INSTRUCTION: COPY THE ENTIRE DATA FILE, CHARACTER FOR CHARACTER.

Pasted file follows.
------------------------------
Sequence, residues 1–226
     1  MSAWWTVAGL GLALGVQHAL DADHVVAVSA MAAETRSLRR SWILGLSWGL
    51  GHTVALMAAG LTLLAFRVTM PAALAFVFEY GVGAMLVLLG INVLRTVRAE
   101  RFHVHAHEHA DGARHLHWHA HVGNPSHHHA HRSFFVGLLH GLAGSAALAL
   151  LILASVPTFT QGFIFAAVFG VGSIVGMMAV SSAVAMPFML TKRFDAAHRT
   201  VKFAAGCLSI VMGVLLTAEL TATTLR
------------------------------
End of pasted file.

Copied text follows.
Sequence, residues 1–226
     1  MSAWWTVAGL GLALGVQHAL DADHVVAVSA MAAETRSLRR SWILGLSWGL
    51  GHTVALMAAG LTLLAFRVTM PAALAFVFEY GVGAMLVLLG INVLRTVRAE
   101  RFHVHAHEHA DGARHLHWHA HVGNPSHHHA HRSFFVGLLH GLAGSAALAL
   151  LILASVPTFT QGFIFAAVFG VGSIVGMMAV SSAVAMPFML TKRFDAAHRT
   201  VKFAAGCLSI VMGVLLTAEL TATTLR